Possibly I didn’t remember because after I took the TARDIS photos I GOT TO WEAR TOM BAKER’S SCARF and who would remember details after that?!
As I was looking at the older TARDIS a gentleman stepped behind the scenes and without any sort of fanfare brought it out. IT.
‘Is that IT?’
‘Yes, that’s it, the real thing,’ he said with nonchalant pleasure. ‘Of course there were several as the series went on but this is one of them. Looking a bit worse for wear these days.’
Again it was a little boy who got to try it out first – then his sister, as I looked on enviously and took photos of the other costumes – then ‘Oh, mum, you should have your picture taken with it too’ and at that point I felt it was okay for us adultish people to ask.
‘You’ll need to drape it – I’ll help with the kids but I’ll leave you to it.’
And then he did help me drape myself up because goodness, it’s long. If you twirled it around me you could twist me up from toe to crown and back again. I gave Crystal my phone and asked her to take a photo.
I knew it would be a godawful photo but I’m going to show it to you anyway because otherwise you might not believe me.
|Oh, that’s the Fourth Doctor’s screwdriver in my hand, by the way.|
Then I went around snapping more terrible photos:
|Time Lord costume.|
|Creepy, creepy Silence.|
|Oooh. Creepier weeping angels.|
|This is my favorite, I think.|
There were prosthetics demonstrations going on all day in the foyer, which happened to be next to the café. I popped in but there was not a single thing I could eat. Sandwiches, muffins, cakes, cookies, ugh. I found some potato chips (crisps) which, if not healthy, are at least a source of calories. And they had wheat flour in them too. For crying out loud!
However, a negligible quantity of wheat is, for me, better than hypoglycemia, so I had a bag of the onion flavor while watching the demo.
|The gal in the white suit sat very patiently while they slathered her face with goo and plaster.|
The demos were interesting – making life casts in various kinds of foam and plaster – and I caught bits and pieces of them throughout the day. The photos, autographs, and panels were spaced about 15 to 30 minutes apart, so the chairs for the prosthetics demo became my resting point between events before I went to queue up for the next. Over the course of several visits I never saw the same thing twice.
The café saw me a few more times as well. Thank goodness I’d had three eggs for breakfast, because over the course of the day what I had to eat was…those crisps, and four chocolates containing unidentifiable nuts. About an hour before the end I was so desperate that I was going to get a sandwich and eat the filling out, but by that time they were all gone. So I had this, which gave me a good laugh anyway:
|I think this is the local vernacular for “Barbeque Flavor.”|
Of course when I left the center I noticed that there was a Sainsbury’s right across the street. Stupid woman.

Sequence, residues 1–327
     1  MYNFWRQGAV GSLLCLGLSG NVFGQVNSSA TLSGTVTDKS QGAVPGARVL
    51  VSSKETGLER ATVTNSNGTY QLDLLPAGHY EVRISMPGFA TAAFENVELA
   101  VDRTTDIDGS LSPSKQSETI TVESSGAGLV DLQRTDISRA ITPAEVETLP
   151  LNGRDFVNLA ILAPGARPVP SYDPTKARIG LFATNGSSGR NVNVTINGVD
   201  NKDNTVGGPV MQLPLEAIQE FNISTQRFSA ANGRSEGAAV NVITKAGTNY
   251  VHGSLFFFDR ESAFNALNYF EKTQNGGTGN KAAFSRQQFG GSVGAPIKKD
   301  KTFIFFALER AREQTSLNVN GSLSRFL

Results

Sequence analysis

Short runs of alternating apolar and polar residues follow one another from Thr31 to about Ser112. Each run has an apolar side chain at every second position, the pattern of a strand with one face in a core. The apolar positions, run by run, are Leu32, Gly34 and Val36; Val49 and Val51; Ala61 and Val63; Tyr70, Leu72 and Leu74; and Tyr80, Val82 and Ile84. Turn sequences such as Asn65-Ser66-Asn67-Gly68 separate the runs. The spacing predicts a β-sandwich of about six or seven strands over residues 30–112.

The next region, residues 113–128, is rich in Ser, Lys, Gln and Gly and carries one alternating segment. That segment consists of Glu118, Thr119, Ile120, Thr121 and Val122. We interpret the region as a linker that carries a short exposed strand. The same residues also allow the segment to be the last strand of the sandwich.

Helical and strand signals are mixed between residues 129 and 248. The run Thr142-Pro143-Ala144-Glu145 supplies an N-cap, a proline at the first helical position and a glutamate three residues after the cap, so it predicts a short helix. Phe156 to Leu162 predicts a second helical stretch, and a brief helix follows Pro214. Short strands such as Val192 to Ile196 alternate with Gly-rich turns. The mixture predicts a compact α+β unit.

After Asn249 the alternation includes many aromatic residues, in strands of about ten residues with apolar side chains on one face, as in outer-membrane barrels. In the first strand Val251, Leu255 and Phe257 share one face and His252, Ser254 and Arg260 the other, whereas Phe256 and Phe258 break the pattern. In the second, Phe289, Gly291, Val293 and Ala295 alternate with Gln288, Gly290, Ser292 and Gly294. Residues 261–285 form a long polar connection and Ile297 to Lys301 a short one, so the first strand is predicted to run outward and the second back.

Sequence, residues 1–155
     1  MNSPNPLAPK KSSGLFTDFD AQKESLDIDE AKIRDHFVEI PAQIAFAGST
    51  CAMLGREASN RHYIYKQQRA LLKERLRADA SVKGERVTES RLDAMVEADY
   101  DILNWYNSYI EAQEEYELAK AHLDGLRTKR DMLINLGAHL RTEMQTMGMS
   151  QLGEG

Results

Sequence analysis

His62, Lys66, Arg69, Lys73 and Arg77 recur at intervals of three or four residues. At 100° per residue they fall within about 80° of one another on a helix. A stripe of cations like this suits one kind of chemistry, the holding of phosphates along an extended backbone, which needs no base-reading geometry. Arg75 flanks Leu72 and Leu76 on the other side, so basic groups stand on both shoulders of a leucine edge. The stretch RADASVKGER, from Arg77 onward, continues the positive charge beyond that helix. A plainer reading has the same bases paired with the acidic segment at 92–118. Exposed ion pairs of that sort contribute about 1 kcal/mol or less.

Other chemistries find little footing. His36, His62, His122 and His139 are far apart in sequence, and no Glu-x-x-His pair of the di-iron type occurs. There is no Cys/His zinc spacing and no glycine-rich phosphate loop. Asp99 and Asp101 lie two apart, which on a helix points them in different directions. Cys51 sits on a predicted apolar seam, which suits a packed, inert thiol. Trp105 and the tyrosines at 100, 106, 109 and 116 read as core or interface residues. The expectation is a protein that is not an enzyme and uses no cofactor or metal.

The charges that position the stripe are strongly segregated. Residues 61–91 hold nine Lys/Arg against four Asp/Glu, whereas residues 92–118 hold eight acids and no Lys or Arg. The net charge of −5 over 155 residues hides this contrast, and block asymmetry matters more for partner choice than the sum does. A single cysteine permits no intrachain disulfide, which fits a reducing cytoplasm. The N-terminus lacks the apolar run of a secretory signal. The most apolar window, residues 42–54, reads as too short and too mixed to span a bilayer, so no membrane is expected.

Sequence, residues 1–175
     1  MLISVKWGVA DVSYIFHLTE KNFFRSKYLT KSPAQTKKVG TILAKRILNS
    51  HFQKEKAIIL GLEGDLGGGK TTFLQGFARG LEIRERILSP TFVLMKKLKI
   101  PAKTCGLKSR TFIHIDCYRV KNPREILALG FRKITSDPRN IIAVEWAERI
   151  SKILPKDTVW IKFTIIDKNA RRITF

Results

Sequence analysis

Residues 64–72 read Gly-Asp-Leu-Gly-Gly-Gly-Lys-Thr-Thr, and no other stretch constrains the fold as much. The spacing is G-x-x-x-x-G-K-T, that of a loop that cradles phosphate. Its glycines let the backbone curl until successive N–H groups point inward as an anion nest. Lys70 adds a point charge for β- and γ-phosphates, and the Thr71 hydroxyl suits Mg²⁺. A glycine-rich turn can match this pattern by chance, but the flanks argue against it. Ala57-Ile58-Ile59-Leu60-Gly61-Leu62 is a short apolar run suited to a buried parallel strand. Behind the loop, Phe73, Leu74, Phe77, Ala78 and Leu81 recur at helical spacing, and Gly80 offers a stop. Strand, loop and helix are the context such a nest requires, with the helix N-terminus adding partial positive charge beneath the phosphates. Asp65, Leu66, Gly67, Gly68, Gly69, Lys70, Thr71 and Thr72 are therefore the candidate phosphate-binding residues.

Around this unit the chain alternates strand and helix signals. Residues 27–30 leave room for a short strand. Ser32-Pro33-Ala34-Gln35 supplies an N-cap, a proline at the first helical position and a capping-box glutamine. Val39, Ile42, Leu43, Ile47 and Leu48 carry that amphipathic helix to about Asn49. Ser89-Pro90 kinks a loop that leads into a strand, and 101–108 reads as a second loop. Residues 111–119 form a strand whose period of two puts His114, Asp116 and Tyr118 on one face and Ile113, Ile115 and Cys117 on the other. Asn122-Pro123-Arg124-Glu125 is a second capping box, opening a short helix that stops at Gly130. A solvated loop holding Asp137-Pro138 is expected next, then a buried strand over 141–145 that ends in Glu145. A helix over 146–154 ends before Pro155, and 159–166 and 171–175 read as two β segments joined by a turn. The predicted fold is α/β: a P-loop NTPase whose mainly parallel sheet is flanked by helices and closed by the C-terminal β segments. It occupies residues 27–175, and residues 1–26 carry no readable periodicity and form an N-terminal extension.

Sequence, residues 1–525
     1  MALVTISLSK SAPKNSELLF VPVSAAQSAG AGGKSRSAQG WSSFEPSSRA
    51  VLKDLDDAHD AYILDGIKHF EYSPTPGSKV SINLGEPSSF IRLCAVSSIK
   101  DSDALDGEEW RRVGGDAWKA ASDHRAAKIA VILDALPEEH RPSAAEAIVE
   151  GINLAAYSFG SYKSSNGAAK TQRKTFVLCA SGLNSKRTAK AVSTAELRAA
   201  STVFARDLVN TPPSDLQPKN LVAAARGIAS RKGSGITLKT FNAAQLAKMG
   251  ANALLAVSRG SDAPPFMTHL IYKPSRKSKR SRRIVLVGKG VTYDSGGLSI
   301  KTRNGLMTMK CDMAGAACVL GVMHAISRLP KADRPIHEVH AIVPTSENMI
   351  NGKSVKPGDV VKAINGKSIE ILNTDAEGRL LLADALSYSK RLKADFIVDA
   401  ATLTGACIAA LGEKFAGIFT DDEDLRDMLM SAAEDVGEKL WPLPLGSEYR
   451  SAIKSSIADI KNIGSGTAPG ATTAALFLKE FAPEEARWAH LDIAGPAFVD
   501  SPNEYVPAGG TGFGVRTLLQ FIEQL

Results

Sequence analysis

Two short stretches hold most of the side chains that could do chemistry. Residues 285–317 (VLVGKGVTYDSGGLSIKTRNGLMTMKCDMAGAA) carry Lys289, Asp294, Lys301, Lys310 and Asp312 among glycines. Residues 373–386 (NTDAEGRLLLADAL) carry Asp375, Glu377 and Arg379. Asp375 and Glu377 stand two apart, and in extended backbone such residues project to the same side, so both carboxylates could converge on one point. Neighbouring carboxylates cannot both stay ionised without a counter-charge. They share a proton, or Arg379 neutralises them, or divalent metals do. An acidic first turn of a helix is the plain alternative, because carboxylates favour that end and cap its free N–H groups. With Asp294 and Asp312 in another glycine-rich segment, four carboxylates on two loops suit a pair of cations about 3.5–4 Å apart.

Stupid HUNGRY woman.
But I’m getting ahead of myself. At noon, Crystal and I both had tickets to get our pictures taken with Arthur Darvill, so we sought out the proper room and got in the queue. As it transpired, Crystal was having her picture taken with both Darvill and Gillan, who was off in a different part of the building, so she got shuffled to the front of the line so she’d have time to make it to both. And I lost her!
Arthur Darvill seems rather oddly similar to Rory: a quiet, sweet guy likely to allow bigger personalities to take center stage 95% of the time (I’m looking at you, Mr Smith) but, as he showed in the panels later, capable of a hilarious zinger when you least expect it. He shook each person’s hand as they came up one at a time, asked their name and made a bit of conversation.
‘Oh, I like your earrings,’ he said to me.
I thanked him and after we’d had the photo taken I said: ‘My friend Pam told me to tell you that you’re much hotter than Matt Smith.’
He chuckled and said self-deprecatingly, ‘I’ve heard that from a couple of people.’
‘I was commissioned to tell you – all the way from America.’
And then of course I was shooed out. And I have a confession.
I FORGOT TO PICK UP THE BLINKING PHOTOGRAPH.
The program said, “available after 2:30 at the front desk.” Well, when you’re bopping from panel to panel, you forget things like that. I didn’t remember until 6:30, three-quarters of the way back to the center of Cardiff, the towers of the hotels in sight, and not enough time to walk a mile back and then back the other way before I had to meet my mother for dinner and catch the train.
I don’t think I’ve ever actually facepalmed before. I’ve always thought it was more of a theatrical gesture than something one actually did.
But, reader, I facepalmed so hard I think I left a dent.
But never fear. I will eventually get the photo. There was contact info on the convention website, and I got through promptly to an actual person who said he’d email it to me. Bless your soul, Tom.
After the photo session I went to the ‘Meet the Stars’ panel. I like the fact that Stephen Moffat and the newish producer Caro Skinner were considered ‘stars’ instead of cast. That seems as it should be. Matt Smith, Karen Gillan, and Arthur Darvill are all fantastic, but without Moffat’s storytelling genius, and the people who organize the insane amount of stuff that goes into making an episode, Who would not be what it is.